LC Jones and Aaron Rawls, the newly elected Martinsville City Council members, have been hard at work to prepare for the upcoming year, with big plans for their tenures.
Jones has been talking with people throughout the region, and especially those in the community, to establish relationships.
“I’ve been speaking with different community leaders, business owners, citizens in general. That’s Martinsville, Henry County, even as far as Danville and Roanoke, just really trying to rebuild relationships and establish some new relationships and really trying to put a plan together of things that may be possible to get done with the right relationships and a path forward to turn a new leaf here in Martinsville,” he said.
Rebuilding relationships is one of Jones’ priorities. He believes that having fresh faces on city council will be a good start in that process.
“I think the narrative is kind of changing with having Aaron and myself. We’re both new. We both want some changes made, and want to rebuild relationships. I think it’s kind of putting a lot of people at ease. We’ve still got to keep reaching out and talking to more people. And I understand there’s going to be a lot more to that process, but that’s the start of it,” he said.
Jones, who remains anti-reversion, wants reversion to be one of the first things that is addressed in the first couple of council meetings held in 2023.
“One of the first things I kind of want to get done and over with is reversion. I know we’re still waiting on the three-judge panel, and a lot is going to be weighed and based off of that decision, but I still stand on my stances from when I was campaigning that I would like to see the end of the reversion,” he said.
Jones said he knows there’s a process to ending reversion, and he believes that the resources spent on it could be better spent elsewhere.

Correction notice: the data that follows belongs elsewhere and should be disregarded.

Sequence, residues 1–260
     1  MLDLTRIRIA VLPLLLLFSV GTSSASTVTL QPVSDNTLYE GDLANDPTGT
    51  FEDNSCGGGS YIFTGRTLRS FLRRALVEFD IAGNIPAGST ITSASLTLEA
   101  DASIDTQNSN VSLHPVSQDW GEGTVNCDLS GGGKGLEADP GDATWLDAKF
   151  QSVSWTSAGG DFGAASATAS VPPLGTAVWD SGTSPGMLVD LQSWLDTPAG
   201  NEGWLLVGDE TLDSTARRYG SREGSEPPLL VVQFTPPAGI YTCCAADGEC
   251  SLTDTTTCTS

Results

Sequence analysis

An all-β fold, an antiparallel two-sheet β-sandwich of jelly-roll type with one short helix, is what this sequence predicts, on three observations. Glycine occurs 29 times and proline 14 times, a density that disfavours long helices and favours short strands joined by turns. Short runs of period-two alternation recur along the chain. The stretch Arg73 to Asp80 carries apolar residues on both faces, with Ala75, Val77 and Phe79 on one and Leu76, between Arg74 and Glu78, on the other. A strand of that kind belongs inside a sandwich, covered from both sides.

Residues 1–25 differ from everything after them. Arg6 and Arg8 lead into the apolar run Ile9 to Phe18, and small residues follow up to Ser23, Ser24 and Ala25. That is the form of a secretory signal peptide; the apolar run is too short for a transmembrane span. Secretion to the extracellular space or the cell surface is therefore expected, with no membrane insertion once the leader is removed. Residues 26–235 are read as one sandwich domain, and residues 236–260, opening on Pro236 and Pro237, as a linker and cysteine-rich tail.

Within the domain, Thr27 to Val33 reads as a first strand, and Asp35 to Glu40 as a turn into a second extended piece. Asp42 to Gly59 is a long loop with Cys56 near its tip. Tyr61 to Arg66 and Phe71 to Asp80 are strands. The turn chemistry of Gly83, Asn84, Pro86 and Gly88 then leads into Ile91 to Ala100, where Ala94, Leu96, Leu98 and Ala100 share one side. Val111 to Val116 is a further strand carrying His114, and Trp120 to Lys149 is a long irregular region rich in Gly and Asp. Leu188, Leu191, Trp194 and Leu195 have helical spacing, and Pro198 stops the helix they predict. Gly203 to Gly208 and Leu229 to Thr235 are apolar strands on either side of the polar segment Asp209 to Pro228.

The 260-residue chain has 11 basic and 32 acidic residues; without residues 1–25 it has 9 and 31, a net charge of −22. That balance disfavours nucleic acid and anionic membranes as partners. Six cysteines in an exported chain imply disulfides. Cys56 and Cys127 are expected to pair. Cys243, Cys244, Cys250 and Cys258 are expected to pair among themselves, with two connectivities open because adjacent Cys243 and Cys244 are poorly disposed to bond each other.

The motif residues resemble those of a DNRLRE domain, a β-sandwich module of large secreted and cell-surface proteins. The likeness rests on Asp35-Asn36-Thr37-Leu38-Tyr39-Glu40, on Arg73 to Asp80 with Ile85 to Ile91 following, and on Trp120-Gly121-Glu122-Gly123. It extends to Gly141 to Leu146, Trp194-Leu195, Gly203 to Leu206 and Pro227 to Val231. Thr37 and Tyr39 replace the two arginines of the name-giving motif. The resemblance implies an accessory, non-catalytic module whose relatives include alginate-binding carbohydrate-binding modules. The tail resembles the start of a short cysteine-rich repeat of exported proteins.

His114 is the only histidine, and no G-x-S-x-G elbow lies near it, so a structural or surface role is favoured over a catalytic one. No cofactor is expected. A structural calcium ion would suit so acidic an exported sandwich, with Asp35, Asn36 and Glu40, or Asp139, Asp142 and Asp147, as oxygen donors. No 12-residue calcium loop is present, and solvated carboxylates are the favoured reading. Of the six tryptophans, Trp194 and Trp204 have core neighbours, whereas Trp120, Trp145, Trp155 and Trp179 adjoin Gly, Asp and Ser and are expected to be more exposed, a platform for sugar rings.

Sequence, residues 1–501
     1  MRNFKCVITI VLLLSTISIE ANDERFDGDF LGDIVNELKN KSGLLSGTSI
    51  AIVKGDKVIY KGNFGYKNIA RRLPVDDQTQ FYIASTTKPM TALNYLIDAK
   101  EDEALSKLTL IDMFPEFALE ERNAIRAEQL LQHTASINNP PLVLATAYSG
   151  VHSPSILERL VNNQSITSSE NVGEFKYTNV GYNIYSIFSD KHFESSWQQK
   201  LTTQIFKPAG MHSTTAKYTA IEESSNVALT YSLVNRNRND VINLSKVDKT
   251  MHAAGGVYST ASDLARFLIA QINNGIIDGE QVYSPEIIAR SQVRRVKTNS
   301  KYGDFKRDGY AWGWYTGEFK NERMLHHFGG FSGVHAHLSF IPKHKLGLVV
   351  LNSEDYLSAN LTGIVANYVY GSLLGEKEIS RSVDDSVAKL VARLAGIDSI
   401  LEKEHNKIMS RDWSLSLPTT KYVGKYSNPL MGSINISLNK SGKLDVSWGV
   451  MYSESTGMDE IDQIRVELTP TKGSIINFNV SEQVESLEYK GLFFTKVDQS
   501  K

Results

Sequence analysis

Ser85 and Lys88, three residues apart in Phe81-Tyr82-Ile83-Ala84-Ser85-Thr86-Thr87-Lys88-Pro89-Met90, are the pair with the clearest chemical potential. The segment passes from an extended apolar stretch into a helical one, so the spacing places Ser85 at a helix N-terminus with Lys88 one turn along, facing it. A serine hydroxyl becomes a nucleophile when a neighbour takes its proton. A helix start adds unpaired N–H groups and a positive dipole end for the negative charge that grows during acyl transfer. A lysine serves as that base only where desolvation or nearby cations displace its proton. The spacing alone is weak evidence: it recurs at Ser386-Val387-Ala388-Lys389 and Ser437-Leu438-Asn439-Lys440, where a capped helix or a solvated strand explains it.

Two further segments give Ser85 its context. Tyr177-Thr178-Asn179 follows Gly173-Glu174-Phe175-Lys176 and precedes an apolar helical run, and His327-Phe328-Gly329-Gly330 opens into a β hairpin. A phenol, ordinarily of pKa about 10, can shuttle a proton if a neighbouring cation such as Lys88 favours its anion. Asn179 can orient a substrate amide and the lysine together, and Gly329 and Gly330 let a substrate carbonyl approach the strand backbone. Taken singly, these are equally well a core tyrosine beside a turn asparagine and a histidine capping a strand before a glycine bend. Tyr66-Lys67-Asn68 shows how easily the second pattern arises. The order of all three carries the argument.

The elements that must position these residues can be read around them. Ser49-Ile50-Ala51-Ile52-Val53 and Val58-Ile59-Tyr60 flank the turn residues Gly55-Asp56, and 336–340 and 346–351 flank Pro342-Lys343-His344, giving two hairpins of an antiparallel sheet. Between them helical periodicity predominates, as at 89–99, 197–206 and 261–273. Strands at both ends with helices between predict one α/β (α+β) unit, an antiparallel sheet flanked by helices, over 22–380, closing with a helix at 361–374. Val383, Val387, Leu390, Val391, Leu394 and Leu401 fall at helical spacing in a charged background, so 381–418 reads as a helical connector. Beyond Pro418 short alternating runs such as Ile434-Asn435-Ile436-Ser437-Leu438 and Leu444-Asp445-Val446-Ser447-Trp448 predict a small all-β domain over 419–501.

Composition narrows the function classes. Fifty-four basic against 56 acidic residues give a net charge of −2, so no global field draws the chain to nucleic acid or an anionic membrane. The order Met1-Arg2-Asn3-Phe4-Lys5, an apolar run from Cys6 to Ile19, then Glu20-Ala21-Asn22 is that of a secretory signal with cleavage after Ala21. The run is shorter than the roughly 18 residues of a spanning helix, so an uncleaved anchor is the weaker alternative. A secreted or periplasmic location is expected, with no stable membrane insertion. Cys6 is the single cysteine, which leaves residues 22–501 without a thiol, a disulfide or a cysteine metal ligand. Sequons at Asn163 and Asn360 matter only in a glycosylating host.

“It’s been a dark cloud over us for so long. We’ve put so much money into it, and it’s gotten us nowhere. I feel like we need to put the same energy, time, effort, and money into rebuilding relationships and to doing something positive for our city,” Jones said.
He also addressed the city council’s recent contract termination of city attorney Eric Monday.
Jones said he “thought it was a bad decision on their part.”
Members of council supporting the contract termination said they did so after hearing that incoming council members – Jones and Rawls – planned to do so.
“I know the rumor was floating around about possible changes,” Jones said, “but the way I look at it, both (the city manager and city attorney) have a lot of experience. They bring a lot of value to the city, so I was very much open to just having a conversation. I know we don’t necessarily agree on the same things, especially as far as reversion, but I did think there was a space where we could work together.”
Jones said constituents have expressed concern about the manner in which the contract was terminated, and he believes it is not a good look for the city.
“I’m not sure why they made that decision, especially after they just redid his contract. “I don’t know all the details behind everything, but it didn’t look good. It didn’t look like the right thing to do from a moral perspective, an ethical perspective,” he said.
When it comes to keeping the assistant city manager and city attorney position as one position, Jones said he’s not even sure the city needs an assistant manager, but wants to see “what we can do to be the most effective.
“I’m not sure we need an assistant city manager. And that’s something else I’ve really got to dive into. I met with Leon (Towarnicki, city manager) yesterday, we’re scheduled to meet again pretty soon. I get to dive into a little bit more of what he needs on a daily basis and what he’s got going on. I’m not sure that’s a position that we may need,” Jones said.
Overall, Jones is excited to begin the process of bringing many of the plans he campaigned on to fruition.
“I’m eager to get going. I can’t wait. I think the citizens are eager as well. They’re hopeful for a whole lot really fast. Things are not going to come fast. It’s going to still be a process like it always has been. I really feel that the transparency that we plan to show the community will really put an ease on as the process moseys along at times,” he said.